St Mary's & St Peter's Primary School was originally founded by Dorothy Bridgeman (d. 1697), widow of Sir Orlando Bridgeman, who left £40 to buy land in trust for educating poor children. In 1832, the foundation opened a boys' school, Teddington Public School, under the patronage of Queen Adelaide. Its buildings now house the primary school.[20]


St Alban's Church, now the Landmark Arts Centre
St Alban's Church, now the Landmark Arts Centre

The Landmark Arts Centre, an independent charity, delivers a wide-ranging arts and education programme for the local and wider community. Its activities include arts classes, concerts and exhibitions.[21]


The Lensbury
Cricket and hockey clubs in Bushy Park

In the late 19th century, Bushy Park became home to Teddington Cricket Club.[22] From this, stemmed Teddington Hockey Club in 1871, which was responsible for introducing important rules of the modern game of hockey including the striking circle and the "sticks" rule.[23][24]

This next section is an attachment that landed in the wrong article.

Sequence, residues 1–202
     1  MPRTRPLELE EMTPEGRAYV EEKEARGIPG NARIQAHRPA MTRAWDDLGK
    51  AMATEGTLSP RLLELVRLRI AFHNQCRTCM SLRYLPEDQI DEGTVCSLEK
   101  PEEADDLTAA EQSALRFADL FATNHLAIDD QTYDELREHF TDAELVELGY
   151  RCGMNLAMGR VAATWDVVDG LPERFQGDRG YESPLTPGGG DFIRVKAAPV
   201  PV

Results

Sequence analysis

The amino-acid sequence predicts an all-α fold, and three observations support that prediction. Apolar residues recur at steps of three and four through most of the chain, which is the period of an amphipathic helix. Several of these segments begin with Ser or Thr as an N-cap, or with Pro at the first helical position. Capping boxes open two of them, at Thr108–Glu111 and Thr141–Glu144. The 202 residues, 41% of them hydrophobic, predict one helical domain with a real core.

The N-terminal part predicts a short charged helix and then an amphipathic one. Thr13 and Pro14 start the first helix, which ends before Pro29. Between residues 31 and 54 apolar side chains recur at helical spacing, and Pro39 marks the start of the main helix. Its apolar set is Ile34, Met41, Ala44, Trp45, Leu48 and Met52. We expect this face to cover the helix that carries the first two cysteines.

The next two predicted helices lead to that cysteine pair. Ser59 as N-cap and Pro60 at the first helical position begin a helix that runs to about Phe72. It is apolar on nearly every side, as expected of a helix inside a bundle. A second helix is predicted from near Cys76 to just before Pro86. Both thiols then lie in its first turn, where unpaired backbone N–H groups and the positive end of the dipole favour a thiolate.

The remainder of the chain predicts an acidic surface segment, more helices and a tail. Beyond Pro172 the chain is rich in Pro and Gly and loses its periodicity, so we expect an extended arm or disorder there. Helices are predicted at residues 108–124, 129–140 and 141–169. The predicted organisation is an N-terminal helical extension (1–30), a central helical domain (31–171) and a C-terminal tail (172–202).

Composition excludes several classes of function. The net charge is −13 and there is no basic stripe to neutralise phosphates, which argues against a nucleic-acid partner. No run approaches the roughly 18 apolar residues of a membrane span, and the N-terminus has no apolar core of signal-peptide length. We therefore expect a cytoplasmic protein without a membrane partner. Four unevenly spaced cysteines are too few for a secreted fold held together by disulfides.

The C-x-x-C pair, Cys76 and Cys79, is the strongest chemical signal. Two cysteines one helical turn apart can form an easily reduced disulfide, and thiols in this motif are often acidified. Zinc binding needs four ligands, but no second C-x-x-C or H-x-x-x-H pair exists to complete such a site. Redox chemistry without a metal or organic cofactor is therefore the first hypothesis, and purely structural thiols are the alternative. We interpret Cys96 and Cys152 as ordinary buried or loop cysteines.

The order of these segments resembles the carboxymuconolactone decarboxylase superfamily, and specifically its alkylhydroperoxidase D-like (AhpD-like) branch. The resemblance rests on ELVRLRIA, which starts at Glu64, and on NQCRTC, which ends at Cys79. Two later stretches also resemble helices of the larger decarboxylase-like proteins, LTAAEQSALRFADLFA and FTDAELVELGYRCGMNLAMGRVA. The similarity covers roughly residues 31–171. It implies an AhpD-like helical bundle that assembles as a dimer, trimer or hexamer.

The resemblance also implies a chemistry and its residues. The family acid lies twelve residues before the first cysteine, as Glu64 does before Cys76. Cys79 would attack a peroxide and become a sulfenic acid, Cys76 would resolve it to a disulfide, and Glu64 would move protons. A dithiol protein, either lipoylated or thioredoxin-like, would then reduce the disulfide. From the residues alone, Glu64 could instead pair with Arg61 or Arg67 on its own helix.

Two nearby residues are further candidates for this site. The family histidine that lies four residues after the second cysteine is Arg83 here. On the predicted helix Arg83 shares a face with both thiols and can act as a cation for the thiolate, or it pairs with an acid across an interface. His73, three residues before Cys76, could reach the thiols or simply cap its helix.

Nearest railway stations

Teddington railway station

Teddington railway station, served by South Western Railway trains, is on the electrified Kingston Loop Line close to the junction of the Shepperton Branch Line. Trains run both ways to London Waterloo: one way via Kingston upon Thames and Wimbledon every 15 minutes, the other via Richmond and Putney every 30 minutes. Trains also run to Shepperton every 30 minutes.


Teddington is served by London Buses services to other London locations, including Heathrow Airport, West Croydon and Hammersmith. Routes 33, 281, 285, 481, 681, R68 and X26 serve the town centre, and all seven connect the town with either Twickenham or Kingston upon Thames.[25]


Demography and housing

2011 Census homes
Ward Detached Semi-detached Terraced Flats and apartments Caravans/temporary/mobile homes/houseboats Shared between households[1]
(ward) 339 972 1,217 2,065 1 22
2011 Census households
Ward Population Households % Owned outright % Owned with a loan hectares[1]